- although adding two infinite quantities doesn't make any sense, this is *not* undefined. intuitively, two infinite quantities will result an infinite quantity -- thus the result is clearly infinity. same holds for multiplication.if you consult the page in wikipedia on defined and undefined quantities (linked from below), you'll see they carefully listed subtraction and division operations to be undefined over two inf quantities, but not addition or multiplication operation. you can check http://en.wikipedia.org/wiki/Indeterminate_form as well, it lists all the indeterminate forms, but again the + and * are missing.moreover, you can multiply -1 and inf to get -inf and trust me I have seen this several times, why can't you add 2 to inf? consider the prob: lim(x - 2)/(x^2 - 4) as x->inf. try to solve it without interacting a 2 and an inf :) you can find numerous problems in integration where you have to replace for example x+2 with y to solve. how to update the limits if the originals involved inf?mathmatical rules are defined with a view to making it as general as possible. so we rule out cases only if they can't fit in.nasa

On Jan 31, 2008 11:36 PM, Tanvir Ahamed Bhuyain <tanvirabs@...> wrote:INFINITY is not a number. It is just an abstract idea of something

which cannot be reached or achieved but can only be approached. One

can not do algebraic operations with infinity because these operations

are defined only for numbers, variables or other well-defined

mathematical objects like matrix. So, adding infinity to infinity does

not mean anything and similarly subtracting, multiplying and anyhting

else, they are all meaningless.

Infinity can only be defined as a limit. So, whenever someone talks

about infinity, it is about a limit. There are no concrete definitions

for infinty except for the idea of an unreachable limit.

Also, 2+infinity=infinity does not mean anything. because, you can add

numbers to "2", which itself is a number, but infinity is not a

number. so you cannot add infinity to 2.

Tanvir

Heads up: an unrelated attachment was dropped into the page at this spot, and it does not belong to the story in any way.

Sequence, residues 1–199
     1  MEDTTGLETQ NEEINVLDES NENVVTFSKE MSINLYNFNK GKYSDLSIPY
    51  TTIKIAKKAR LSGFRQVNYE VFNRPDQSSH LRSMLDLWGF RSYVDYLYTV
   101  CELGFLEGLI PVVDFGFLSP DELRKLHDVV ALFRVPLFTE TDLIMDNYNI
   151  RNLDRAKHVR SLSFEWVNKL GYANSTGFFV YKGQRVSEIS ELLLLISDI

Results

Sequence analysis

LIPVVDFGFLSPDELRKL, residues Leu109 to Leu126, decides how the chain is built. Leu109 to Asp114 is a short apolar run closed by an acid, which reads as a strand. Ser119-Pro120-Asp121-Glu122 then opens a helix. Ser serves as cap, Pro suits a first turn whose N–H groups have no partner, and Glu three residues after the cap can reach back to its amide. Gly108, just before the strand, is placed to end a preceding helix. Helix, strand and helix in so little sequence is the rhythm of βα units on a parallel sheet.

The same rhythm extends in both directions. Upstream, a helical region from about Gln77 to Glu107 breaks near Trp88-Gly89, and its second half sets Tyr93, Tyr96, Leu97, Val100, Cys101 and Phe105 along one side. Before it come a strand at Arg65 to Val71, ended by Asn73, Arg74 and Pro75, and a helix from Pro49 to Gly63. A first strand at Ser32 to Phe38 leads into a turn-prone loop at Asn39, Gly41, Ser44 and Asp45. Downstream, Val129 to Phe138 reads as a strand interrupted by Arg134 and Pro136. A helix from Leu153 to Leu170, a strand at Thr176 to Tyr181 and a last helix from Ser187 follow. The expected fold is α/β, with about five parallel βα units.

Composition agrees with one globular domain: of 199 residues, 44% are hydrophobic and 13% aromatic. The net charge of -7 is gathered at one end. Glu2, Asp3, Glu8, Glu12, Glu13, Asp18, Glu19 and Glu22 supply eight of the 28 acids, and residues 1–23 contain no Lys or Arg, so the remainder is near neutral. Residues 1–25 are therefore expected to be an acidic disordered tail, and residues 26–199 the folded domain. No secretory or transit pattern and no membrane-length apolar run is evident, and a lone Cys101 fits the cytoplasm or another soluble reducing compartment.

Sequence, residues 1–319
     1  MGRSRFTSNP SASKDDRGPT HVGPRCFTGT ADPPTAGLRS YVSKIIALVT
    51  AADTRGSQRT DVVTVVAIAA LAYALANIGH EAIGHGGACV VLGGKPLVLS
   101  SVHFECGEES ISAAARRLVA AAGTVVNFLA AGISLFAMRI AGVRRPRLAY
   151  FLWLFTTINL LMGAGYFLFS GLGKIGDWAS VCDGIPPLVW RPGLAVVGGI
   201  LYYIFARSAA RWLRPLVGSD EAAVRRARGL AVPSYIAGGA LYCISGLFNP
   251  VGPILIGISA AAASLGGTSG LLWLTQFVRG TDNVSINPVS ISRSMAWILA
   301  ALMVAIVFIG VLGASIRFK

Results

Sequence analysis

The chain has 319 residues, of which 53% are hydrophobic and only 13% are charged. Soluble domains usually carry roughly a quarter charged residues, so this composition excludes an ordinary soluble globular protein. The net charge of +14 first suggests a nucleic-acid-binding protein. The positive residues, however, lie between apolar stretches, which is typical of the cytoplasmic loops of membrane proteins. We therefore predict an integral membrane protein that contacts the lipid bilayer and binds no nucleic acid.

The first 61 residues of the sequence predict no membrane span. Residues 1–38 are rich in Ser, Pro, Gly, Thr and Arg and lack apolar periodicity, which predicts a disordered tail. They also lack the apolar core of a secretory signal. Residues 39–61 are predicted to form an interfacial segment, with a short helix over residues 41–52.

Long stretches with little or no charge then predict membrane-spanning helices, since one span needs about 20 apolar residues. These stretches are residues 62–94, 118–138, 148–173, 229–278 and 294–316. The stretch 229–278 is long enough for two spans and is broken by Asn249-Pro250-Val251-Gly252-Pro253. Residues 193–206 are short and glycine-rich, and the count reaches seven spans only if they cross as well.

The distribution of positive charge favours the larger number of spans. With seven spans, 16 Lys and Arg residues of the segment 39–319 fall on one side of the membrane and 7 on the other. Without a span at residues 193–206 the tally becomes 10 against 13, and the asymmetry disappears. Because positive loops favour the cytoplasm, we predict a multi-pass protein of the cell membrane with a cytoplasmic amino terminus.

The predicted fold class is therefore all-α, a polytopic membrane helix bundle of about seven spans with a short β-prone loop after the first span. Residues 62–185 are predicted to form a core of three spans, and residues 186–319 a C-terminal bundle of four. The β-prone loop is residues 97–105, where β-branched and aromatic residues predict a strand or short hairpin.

--- In math_club@yahoogroups.com, Nasa <nasarouf@...> wrote:

>

> why do we get two simultaneous mails from you?

>

> for + and * the result should be inf

> for the other two, they should be undefined.

>

> just as an example:

> 2+inf=inf => 2=0 if inf-inf=0

>

> for more info consult these pages:

>

http://en.wikipedia.org/wiki/Defined_and_undefined#Examples_and_workarounds

> http://en.wikipedia.org/wiki/Infinity

>

> you are certainly not talking about limits, but in case anyone is

> interested, they should consult these pages

>

http://en.wikipedia.org/wiki/Limit_of_a_function#Limit_of_a_function_at_infinity

> http://en.wikipedia.org/wiki/Extended_real_number_line

>

> nasa

>> On Jan 30, 2008 10:56 AM, SAAD A <saad_923@...> wrote:Search.<http://us.rd.yahoo.com/evt=51734/*http://tools.search.yahoo.com/newsearch/category.php?category=shopping>

>

> > what is the following ans.

> > infinity+infinity,

> > infinity-infinity,

> > infinity*infinity,

> > infinity/infinity,

> >

> > ------------------------------

> > Looking for last minute shopping deals? Find them fast with Yahoo!

> >

> >

>

- Infinity is not a number, it's a limiting value which you cannot reach

and thus cannot add or multiply.

Equations like : infinity+2=infinity or infinity*infinity=infinity

violates the first and most important law of mathematics, that for

every number "x" there is an unique number "1" and an unique number

"0" such that x*1=x and x+0=x. Clearly if you allow infinity to be

used in equations then these laws do not hold, and if these laws do

not hold then we are back to stone age.

If you write infinity + 2 = infinity, then what is the definition of

infinity in this equation? Can you define infinity as a number? If you

cannot define infinity as a number then you cannot add it to a number.

for Nasa bhai : In case of limiting functions and integration limits,

you do not interact infinity with numbers. In calculus these are only

limits, they cannot be obtained and thus cannot be interacted with.

for example, the most classic definition of infinity is,

limit(x=>0)[1/x] = infinity.